This plant has broad, triangular leaves that are covered in white speckles and serrated edges. The foliage is usually green towards the base and become red near the tips. 

Vibrant, tubular orange flowers emerge during the spring and attract hummingbirds and bees. Soap aloe is tolerant to salt and drought, making it an excellent choice for rock gardens. 

13. Tiger Tooth Aloe

Scientific Name: Aloe juvenna

Tiger Tooth Aloe
Credit: John Robert McPherson by CC: 4.0
  • Ideal Position: Full sun 
  • Mature Size: 2 feet in height and width   
  • Toxicity: Toxic to cats and dogs
  • USDA Zones: 9 to 11

The leaves of tiger tooth aloe are short, triangular and form tightly packed rosettes. Its foliage grows upright in neat, compressed stacks and are mainly green with red tips. 

This succulent gets its name from the large, white spikes that cover the leaves and resemble the sharp teeth of tigers. 

During the spring and summer, outdoor varieties may bloom with bright red flowers that have yellow mouths and sit atop long stems.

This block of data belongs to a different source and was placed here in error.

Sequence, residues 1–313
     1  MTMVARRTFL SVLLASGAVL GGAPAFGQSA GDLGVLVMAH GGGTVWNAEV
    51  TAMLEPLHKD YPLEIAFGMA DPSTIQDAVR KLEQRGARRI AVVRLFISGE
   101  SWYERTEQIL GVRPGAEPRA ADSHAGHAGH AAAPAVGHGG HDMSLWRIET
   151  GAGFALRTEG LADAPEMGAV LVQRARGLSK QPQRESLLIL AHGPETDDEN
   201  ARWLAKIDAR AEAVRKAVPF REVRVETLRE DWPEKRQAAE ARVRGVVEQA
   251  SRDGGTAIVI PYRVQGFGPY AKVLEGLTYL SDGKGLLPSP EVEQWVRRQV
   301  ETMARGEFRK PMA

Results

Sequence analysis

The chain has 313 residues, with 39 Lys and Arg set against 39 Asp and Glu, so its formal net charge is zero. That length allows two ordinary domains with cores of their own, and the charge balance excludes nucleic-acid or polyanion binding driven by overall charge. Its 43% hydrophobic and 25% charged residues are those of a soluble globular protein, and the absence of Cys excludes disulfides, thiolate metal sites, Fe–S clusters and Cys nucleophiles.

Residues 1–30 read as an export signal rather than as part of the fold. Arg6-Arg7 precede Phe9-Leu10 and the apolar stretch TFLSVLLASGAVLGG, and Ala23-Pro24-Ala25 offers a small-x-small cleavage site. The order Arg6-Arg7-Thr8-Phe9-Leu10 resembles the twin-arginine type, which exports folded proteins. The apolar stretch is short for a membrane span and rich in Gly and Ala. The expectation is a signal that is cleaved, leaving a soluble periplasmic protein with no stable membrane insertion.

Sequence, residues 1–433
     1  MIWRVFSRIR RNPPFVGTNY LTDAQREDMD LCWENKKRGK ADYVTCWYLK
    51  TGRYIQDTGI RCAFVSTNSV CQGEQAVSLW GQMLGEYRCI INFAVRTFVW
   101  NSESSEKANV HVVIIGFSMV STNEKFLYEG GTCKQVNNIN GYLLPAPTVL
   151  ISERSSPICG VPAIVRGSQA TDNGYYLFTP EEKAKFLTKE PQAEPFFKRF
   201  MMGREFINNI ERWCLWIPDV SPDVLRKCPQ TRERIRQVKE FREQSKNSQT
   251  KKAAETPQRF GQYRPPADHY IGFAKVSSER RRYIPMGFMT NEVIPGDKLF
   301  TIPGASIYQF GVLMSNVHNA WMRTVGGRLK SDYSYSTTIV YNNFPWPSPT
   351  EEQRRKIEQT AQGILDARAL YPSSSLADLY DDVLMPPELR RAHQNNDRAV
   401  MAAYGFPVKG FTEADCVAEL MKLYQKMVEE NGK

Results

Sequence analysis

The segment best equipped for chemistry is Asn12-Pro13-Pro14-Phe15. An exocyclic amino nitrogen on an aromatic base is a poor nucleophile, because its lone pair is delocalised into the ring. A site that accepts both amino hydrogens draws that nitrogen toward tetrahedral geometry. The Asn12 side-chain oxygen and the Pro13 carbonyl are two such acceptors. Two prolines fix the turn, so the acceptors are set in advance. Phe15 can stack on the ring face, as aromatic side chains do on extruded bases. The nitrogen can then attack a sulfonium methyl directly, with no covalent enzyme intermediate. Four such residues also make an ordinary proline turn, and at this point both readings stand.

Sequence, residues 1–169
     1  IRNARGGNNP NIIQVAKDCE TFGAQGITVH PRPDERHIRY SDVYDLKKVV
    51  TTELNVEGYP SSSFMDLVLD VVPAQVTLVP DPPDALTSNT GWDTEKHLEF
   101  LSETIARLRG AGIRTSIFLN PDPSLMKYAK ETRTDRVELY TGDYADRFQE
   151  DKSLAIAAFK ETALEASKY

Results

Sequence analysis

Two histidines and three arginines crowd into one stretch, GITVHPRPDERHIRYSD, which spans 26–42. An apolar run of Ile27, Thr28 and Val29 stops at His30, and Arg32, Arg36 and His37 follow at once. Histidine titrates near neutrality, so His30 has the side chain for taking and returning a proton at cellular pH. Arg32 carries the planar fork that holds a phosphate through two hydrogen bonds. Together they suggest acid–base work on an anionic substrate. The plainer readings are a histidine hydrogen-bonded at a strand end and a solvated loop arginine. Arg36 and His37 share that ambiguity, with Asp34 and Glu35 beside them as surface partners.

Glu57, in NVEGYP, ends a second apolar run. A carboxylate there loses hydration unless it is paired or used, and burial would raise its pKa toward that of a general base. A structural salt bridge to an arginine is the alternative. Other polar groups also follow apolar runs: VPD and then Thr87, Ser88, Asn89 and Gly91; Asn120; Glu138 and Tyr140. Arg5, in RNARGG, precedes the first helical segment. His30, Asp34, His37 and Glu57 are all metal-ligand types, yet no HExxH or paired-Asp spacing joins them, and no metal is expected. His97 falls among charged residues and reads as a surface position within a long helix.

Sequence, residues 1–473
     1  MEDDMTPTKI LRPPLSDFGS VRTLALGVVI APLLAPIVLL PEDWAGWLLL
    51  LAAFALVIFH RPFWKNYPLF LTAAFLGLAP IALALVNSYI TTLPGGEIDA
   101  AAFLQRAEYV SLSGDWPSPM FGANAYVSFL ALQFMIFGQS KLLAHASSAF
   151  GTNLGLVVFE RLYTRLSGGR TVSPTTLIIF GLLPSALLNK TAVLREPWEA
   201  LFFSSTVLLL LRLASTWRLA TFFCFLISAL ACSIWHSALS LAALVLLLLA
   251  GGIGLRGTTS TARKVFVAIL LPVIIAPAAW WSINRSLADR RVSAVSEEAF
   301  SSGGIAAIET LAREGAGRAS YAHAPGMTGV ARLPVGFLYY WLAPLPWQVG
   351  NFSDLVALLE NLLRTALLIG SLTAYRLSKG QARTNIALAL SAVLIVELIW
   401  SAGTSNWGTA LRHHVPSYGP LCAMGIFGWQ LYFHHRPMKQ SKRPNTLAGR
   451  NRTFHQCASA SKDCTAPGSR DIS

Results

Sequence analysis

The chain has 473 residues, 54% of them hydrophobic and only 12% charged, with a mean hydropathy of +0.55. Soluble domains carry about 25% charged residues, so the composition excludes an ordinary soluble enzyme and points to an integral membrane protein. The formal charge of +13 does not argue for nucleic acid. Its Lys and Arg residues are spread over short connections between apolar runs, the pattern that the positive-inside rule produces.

Tiger tooth aloes may be small, but they have a striking appearance. They are suitable for both indoor and outdoor environments.  

14. Coral Aloe

Scientific Name: Aloe striata

Coral Aloe
Credit: Zeynel Cebeci by CC: 4.0
  • Ideal Position: Full sun or partial shade 
  • Mature Size: 2 feet in height and width   
  • Toxicity: Toxic to cats and dogs
  • USDA Zones: 9 to 11

The foliage of coral aloe is unique because its broad, flat and toothless. The leaves are blue green in color but the edges turn pink in the sunlight. The more sunlight they receive, the redder the foliage will become. 

Between winter and spring, huge clusters of coral red flowers emerge. The blooms are tubular and rich in nectar so attract many insects and hummingbirds. 

Coral aloe grow best in hot climates but also do well in temperate regions and are surprisingly cold hardy. 

Aloe Plant Care

Once you’ve decided on an aloe plant, it’s important to look after it correctly so it remains looking and can thrive. 

Luckily, like most succulents, aloes are relatively easy to care for as they are hardy and can tolerate frosts, drought and poor soil. Most aloes, including those on this list, are hardy between USDA zones 9 to 12. 

Here is a list of care tips for you to follow to help keep your aloes happy and healthy. 

Watering Requirements

Aloes are drought tolerant as they are adapted to living in hot arid conditions.